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Micro power transmitter for remote sensor help
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beananimal

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Joined: 09 Feb 2006
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PostPosted: Tue Apr 19, 2011 4:49 am    Post subject: Micro power transmitter for remote sensor help Reply with quote

Looking for advice:

Collection cup on a filter device. Looking to sense cup overflow and shut down pump. The collection cup is removed and cleaned several times a week, so wired sensors are kind of a pain. I would like a wireless solution with an extended battery life (months or years). When cup overflow is sensed, the pump will be shut down.

Cup overflow is catastrophic and can happen in seconds so the sensor can not be passive, it has to be active. My thought is that if the reciever loses track of the signal (dead battery, etc) then the pump will shut down. The level sensor (likely a reed based float switch) will interupt the wireless transmission, also shutting down the pump.

Notes:
AVR with receiver will be close by within a few feet.
AVR will control relay that powers 120V filter/pump.
Transmitter will be waterproofed and attached to collection cup.


Any idea for appropriate wireless products? Again, I don't need to send or recieve any data but would like a product that gives me an extremely long battery life and is not going to be interfered with by common household electronics (cell phones, wifi, cordless phones, etc.)

In other words, I have a 120V pump with a removable filter cup. The filter cup must not be allowed to overflow and needs to be monitored. Because the cup must be removed very often, I do not want to use a wired connection to the rest of the filter or avr controller. I want the cup to communicate with the controller wirelessly and continuously for many months without a battery change.

Thoughts?
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reinhars

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PostPosted: Tue Apr 19, 2011 5:45 am    Post subject: Reply with quote

Perhaps RFID could be your friend.
E.g. http://middlefirst.wordpress.com/2009/08/11/hackaday-post-3-attiny-rfid-tag/
Without wires how you like it - and of course without battery.
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beananimal

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PostPosted: Tue Apr 19, 2011 2:30 pm    Post subject: Reply with quote

I like the idea, but it is not going to be very practical for this application. The range is too small to be of use. Interesting link though Smile
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JC

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Location: Cleveland, OH

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PostPosted: Tue Apr 19, 2011 5:08 pm    Post subject: Reply with quote

What is the range?

How large, physically, can your battery be?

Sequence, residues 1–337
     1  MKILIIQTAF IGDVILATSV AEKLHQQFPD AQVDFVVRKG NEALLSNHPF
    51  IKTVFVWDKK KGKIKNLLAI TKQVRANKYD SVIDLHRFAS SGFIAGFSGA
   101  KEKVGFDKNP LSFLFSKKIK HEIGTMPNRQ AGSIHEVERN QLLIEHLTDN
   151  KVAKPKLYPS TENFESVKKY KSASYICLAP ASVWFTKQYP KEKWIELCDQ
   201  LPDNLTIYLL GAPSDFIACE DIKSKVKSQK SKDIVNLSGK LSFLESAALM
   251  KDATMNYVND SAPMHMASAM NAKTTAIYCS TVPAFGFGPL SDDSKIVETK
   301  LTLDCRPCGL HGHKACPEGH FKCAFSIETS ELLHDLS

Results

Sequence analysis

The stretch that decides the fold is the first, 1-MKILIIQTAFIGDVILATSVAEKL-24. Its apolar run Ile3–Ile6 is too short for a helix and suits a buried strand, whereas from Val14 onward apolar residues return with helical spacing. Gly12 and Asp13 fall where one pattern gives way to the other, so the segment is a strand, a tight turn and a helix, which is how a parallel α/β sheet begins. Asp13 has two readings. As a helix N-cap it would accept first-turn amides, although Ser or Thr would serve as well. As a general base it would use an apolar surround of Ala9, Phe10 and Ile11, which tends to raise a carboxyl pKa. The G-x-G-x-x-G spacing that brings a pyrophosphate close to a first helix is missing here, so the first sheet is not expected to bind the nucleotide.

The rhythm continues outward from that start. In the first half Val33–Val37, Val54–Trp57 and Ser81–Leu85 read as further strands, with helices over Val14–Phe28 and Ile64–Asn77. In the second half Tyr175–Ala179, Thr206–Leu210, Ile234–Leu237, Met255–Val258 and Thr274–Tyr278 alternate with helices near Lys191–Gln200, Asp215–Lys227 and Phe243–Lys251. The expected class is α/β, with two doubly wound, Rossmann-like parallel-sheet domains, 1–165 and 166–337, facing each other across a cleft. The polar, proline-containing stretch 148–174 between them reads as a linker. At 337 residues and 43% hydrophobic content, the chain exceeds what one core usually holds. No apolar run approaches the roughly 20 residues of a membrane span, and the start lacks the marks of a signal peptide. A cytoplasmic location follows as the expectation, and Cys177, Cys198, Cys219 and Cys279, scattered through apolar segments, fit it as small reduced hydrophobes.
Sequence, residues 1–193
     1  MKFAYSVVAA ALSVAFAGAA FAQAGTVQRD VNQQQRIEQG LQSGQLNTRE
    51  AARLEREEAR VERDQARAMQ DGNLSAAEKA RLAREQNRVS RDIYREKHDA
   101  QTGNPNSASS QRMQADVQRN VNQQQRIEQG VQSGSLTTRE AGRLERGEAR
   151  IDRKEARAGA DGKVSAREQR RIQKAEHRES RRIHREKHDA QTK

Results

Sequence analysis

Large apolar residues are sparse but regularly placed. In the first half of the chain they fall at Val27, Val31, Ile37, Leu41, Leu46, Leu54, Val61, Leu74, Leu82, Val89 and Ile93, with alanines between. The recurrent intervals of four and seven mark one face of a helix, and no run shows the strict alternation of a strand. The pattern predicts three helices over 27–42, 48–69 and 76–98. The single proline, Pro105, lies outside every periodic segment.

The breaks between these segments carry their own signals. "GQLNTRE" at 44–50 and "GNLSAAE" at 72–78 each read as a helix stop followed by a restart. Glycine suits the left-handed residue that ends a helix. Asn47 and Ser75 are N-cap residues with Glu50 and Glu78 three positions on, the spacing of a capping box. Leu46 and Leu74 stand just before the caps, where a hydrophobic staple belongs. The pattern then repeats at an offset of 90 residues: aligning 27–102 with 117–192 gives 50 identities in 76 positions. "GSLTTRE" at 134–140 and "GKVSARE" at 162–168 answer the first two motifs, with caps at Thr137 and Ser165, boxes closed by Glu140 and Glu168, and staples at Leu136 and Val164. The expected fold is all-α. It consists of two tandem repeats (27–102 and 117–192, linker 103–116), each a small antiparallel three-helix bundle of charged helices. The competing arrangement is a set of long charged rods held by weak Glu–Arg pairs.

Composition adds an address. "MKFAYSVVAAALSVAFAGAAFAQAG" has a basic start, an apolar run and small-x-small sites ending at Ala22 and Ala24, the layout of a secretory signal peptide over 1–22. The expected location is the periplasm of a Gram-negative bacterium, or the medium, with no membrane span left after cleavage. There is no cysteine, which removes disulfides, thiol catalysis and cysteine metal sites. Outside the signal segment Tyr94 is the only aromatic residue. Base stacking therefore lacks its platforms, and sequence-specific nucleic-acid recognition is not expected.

Is there 120 V to run a wall wart as the primary power supply, with battery back up, at the site of the cup?

Your concept of continuously transmitting from the sensor to the Main Unit conflicts with your long battery life goal, obviously.

Truely, for reliability, one would hard wire the sensor signal to the pump shut off, and eliminate any RF link...

If the range works, I would put a Bluetooth module at both ends.
I would have the sensor send an "OK" signal once every 250 mSec.
The Main Unit would shut the pump off it it goes > 800 mSec without a response, for example.

You could, if you wished, also have the sensor unit transmit its battery voltage to be displayed at the Main Unit, if desired.

JC
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beananimal

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PostPosted: Tue Apr 19, 2011 8:58 pm    Post subject: Reply with quote

The range is less than 10', could even be 1 or 2 feet.

The battery can be a few stacked coin cells. or few AA or AAA cells.

The reciever will be 120V powered and control the equipment power via a relay. I just need a way to sense a single high level event in the cup and transmit that event to the controller.

There is no data that needs to be transmitted. I mean I just need to transmit a heartbeat. If the controller misses the heartbeat, then it shuts down the process. The logic is fail-safe because there is no data being sent to act upon and no problem if the transmitter dies, the process simply shuts down.

Reliability:
As indicated above, either the transmitter stops because the float switch opens the circuit, or the battery has died. I can easily live with the process being stopped. I can not live with an overflow. I do not want to deal with the daily connection and disconnection of a sensor lead. It is a saltwater environment and the collection cup needs to be washed every few days. It will be fully immerssed in water to clean.

While the BT idea sound great, I would think it is a bit heavy for a simple heartbeat transmitter/reciever.


Last edited by beananimal on Tue Apr 19, 2011 9:04 pm; edited 2 times in total
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heizer74

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PostPosted: Tue Apr 19, 2011 9:01 pm    Post subject: Reply with quote

why don't u sense the weight of the cup?

no battery fault, no electronic waste uf the cup gets broken.


Last edited by heizer74 on Tue Apr 19, 2011 9:03 pm; edited 1 time in total
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beananimal

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PostPosted: Tue Apr 19, 2011 9:02 pm    Post subject: Reply with quote

heizer74 wrote:
why don't u sense the weight of the cup?